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The Impact of the Wind

Certainly all Mount Washington enthusiasts are familiar with the concept popularly referred to as "Wind Chill." Whenever the temperature drops and the wind speed rises, the observer on duty at the Observatory expects a spate of calls asking, "What is the wind chill factor?" While such a question may send an uncomfortable tingle up and down a meteorological technician's spine, it does touch upon one of the more pronounced effects of the wind on Mount Washington, but it also ignores other impacts of the wind that can be even more significant.

Wind Chill

photo - see caption below
Rock Cairn

The concept of "wind chill," as well entrenched as it is in the popular media and the popular psyche, is not without controversy among meteorological professionals. No one contests that, at least within certain bounds, accelerated air movement will lead to a greater rate of heat loss from a body until that body reaches the ambient temperature. Exposed flesh will feel colder at zero degrees with a fifty mile per hour wind than it does at zero degrees in calm conditions, other things being equal.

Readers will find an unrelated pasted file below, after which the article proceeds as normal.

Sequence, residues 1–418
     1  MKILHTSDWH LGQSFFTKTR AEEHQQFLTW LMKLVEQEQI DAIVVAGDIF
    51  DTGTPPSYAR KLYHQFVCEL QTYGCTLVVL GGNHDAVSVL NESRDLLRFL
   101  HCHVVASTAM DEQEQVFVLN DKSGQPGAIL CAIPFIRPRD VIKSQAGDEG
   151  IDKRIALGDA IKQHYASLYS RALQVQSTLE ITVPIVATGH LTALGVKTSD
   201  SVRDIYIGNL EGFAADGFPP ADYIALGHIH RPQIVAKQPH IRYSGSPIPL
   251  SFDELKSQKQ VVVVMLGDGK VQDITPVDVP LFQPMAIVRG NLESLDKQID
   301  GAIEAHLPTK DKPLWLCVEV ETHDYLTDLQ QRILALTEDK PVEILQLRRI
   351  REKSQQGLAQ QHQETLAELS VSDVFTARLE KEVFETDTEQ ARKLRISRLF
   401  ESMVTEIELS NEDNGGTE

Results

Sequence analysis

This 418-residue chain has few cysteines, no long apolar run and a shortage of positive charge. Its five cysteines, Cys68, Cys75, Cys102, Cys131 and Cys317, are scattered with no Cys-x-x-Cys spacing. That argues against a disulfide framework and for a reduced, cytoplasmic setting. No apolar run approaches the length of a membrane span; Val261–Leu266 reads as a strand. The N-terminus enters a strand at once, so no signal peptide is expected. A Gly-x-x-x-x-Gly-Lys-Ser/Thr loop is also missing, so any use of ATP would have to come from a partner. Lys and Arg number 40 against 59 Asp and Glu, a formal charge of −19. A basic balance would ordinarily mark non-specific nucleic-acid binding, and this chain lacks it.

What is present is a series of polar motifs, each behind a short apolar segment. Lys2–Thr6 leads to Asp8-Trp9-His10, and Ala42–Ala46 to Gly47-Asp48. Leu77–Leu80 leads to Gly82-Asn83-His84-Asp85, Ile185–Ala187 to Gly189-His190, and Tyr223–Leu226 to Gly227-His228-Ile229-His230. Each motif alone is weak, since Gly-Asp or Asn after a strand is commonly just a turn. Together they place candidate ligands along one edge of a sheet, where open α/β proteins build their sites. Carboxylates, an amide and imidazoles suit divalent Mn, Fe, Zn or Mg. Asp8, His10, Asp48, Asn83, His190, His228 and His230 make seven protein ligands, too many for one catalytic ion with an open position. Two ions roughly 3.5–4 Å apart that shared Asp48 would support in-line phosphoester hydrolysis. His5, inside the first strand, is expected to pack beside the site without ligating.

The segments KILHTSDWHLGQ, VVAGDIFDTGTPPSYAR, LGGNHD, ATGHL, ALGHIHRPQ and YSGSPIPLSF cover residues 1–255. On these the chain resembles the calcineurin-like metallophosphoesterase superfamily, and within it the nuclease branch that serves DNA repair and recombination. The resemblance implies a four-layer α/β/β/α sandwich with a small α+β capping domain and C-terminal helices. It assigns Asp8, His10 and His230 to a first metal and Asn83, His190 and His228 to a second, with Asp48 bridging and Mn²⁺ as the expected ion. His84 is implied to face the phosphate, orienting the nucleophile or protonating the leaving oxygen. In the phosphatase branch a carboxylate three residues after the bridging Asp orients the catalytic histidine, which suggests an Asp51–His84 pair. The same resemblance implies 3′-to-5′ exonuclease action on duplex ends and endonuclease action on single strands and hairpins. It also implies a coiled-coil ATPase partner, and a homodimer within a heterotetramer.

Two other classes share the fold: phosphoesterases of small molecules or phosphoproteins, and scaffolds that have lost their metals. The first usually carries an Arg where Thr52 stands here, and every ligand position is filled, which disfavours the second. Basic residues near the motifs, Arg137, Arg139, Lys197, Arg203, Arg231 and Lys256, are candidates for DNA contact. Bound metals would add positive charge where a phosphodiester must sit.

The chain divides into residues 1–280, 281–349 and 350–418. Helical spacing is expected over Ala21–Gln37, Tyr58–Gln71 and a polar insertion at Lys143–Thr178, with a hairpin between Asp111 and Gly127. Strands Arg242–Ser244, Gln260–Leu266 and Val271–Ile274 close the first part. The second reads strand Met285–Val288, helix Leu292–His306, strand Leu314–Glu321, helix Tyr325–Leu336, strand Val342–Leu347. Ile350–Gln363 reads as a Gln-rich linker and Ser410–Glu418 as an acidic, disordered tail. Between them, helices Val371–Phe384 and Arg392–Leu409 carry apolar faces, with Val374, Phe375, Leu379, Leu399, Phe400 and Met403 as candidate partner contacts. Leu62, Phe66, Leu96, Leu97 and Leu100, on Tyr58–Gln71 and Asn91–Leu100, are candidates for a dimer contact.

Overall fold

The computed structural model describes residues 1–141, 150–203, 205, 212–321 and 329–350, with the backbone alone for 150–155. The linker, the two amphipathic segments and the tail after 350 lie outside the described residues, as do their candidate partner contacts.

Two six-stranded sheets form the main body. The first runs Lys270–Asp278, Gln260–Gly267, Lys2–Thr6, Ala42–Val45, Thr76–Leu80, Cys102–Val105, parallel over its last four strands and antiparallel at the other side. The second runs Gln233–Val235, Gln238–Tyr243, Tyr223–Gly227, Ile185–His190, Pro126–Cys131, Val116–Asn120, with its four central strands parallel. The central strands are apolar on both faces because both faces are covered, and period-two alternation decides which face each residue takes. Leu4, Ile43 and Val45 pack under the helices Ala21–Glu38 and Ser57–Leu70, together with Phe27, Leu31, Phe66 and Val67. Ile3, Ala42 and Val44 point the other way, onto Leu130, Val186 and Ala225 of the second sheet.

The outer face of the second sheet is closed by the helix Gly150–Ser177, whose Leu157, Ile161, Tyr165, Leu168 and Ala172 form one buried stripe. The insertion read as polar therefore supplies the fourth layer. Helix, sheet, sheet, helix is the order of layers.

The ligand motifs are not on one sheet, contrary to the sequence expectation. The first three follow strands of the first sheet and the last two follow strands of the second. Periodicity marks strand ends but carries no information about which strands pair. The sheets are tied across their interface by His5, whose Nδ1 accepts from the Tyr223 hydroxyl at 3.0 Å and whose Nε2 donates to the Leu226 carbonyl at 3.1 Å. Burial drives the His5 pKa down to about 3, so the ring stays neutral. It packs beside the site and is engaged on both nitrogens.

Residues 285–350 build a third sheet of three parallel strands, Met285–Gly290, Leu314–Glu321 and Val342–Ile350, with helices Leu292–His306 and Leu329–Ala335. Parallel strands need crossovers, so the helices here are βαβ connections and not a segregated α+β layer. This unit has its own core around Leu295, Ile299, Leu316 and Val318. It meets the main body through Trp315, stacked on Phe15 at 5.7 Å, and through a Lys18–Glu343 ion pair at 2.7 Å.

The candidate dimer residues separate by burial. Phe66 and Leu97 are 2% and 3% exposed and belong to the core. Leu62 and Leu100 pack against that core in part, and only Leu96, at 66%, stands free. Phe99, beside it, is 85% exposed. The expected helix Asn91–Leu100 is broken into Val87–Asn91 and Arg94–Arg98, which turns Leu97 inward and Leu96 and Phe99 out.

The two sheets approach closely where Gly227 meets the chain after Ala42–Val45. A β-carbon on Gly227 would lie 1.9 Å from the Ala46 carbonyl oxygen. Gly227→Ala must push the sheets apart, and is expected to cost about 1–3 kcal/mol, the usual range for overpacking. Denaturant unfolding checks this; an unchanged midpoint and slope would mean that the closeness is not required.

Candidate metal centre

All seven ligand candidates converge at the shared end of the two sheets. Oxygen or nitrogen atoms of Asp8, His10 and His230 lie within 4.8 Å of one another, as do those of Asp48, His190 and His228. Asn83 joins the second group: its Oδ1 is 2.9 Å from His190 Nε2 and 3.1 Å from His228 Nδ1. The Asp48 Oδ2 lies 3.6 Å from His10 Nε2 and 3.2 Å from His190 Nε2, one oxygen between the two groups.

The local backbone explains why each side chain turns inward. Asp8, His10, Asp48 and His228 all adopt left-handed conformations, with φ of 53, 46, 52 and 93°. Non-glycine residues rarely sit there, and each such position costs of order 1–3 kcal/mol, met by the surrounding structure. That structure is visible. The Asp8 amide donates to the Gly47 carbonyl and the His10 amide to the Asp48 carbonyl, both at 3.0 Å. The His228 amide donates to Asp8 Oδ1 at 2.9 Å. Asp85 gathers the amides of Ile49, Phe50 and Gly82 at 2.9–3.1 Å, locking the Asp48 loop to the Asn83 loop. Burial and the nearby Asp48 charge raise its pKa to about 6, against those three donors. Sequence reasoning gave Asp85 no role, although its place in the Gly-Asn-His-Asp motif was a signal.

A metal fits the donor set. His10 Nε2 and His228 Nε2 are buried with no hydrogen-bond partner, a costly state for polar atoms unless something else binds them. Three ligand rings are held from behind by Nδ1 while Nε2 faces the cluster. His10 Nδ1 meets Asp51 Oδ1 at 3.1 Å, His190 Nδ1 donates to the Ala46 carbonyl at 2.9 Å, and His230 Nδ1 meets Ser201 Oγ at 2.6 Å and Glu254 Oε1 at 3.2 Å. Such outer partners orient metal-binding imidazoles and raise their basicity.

Edwin Kessler of the University of Oklahoma, writing in The Bulletin of the American Meteorological Society, noted several flaws in the use of the "wind chill index" at that time such use failed to allow for the difference between official wind speeds, normally measured at 10 meters above the ground, and ground level winds which individuals are actually exposed to; it also failed to allow for the warming effects of solar radiation. Kessler also noted that the original and limited data generated by Paul Siple dealt with the cooling of water in cylinders, not the cooling of human subjects. Furthermore, limited experimental data suggested that demonstrable errors of almost 20 degrees may be embedded in the usual wind chill charts.

Kessler was critical of the use of wind chill as it placed a degree of precision on a matter which is terribly imprecise. He summed up that "our use of the wind chill index entails all of attributions of substance to mere form, addiction to hyperbole, and passion for technological glitter." He also criticized "the contribution present procedures make to portrayal of nature as mankind's enemy." Some of Kessler's criticisms may have been addressed by the 2001 revision of the wind chill calculation and chart; but others, especially the last criticism regarding the characterization of the elements as man's enemy, have not been.